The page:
Soviet Scientists first suggested building a human settlement on Venus in early 1971. These scientists closely analyzed the inhospitable nature of Venus and concluded that building floating cities in the Venerian atmosphere would enable humanity to create a new settlement outside earth.
However, the concept was popularized by NASA scientist Geoffrey A. Landis. The scientist closely analyzed the dangers of colonizing Venus’s surface and concluded that building space habitats on Venus would be the best way to call the planet a home for future civilization. Venus has a hellish and hazardous surface. However, its cloud top level is entirely opposite Venus’s surface. Landis later proposed the concept of aerostat habitats, followed shortly by floating cities.
This is because the top cloud area of Venus provides a conducive environment for human civilization. Scientists have discovered that at an altitude of about 50 kilometers (31 miles) of the hellish surface of Venus lies an Earth-like environment. In fact, scientists have referred to this spot as the most earth-like environment within the solar system.
The Venerian atmosphere has temperatures within the 0 to 50 °C (273 to 323 K; 32 to 122 °F) range, a pressure of about 1 atm or 1000 hPa, and high protection against cosmic radiation. Its shielding mass is also similar to that of earth. These features have made Venus’s atmosphere to become attractive to scientists. The wind speed at the top of clouds on Venus sometimes reaches 95 m/s (340 km/h; 210 mph). Since the floating cities of Venus are not tethered to the surface, they will receive lesser structural stress from the wind.
Can Humans Live on Venus?
With the concept of floating cities on Venus, one could see the possibilities of humans living in Venerian top clouds in the future. The efforts made so far have proven that humanity may be closer to achieving building colonies on Venus’s atmosphere.
However, we may likely consider accomplishing a crewed mission to Mars before looking towards Venus. But do we stand to gain anything from building floating cities on Venus? Humanity will benefit significantly from building floating cities on Venus, including protection from radiation, heat, breathable air, and many others.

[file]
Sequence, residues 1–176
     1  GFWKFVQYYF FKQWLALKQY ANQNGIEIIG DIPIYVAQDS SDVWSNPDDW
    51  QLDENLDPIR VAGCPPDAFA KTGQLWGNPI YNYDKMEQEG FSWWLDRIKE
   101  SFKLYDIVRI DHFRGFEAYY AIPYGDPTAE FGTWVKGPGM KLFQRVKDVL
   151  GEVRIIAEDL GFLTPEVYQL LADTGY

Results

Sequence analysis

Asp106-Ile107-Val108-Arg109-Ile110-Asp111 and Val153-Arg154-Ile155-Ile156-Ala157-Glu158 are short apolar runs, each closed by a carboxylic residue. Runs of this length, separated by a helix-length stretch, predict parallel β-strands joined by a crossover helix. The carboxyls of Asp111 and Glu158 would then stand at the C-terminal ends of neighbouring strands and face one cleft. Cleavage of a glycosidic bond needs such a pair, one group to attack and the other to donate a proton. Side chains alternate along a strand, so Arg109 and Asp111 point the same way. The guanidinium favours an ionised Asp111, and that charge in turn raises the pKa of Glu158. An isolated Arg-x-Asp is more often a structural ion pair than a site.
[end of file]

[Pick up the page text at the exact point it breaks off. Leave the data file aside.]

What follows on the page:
Although moving industrial tools and materials from earth may be pretty challenging, scientists will figure out how to tackle this challenge when the time comes. NASA developed the High Altitude Venus Operational Concept (HAVOC) in 2015 to study the possibilities of creating an atmospheric crewed mission to Venus someday. The agency is also working on other futuristic concepts that will enable it to accomplish a crewed mission to Venus’s top cloud in the future.
Terraforming After Colonization of Venus
The possibilities of terraforming Venus appear quite complicated with our current understanding of physics and planetary science. However, several proposals have been made intending to remove or transform Venus’s dense carbon dioxide atmosphere and lower the surface temperature of Venus.
Scientists intend to accomplish this terraforming process by using a system of orbital mirrors or solar shade to lower insolation and provide sunlight to the dark side of the terrestrial planet, Venus. Other proposed ideas involve freezing out Venus’s atmospheric carbon dioxide or transforming it into carbonates to reduce the surface pressure on the planet. However, scientists are still thinking about developing other means of terraforming the terrestrial planet in the future.
The idea of building floating cities on Venus is no longer science fiction as scientists are already seeing the technical possibilities soon. Maybe, after we successfully colonize Mars, the Colonization of Venus’s top clouds may be the next target for human civilization. Do you think that we can achieve this milestone in the future?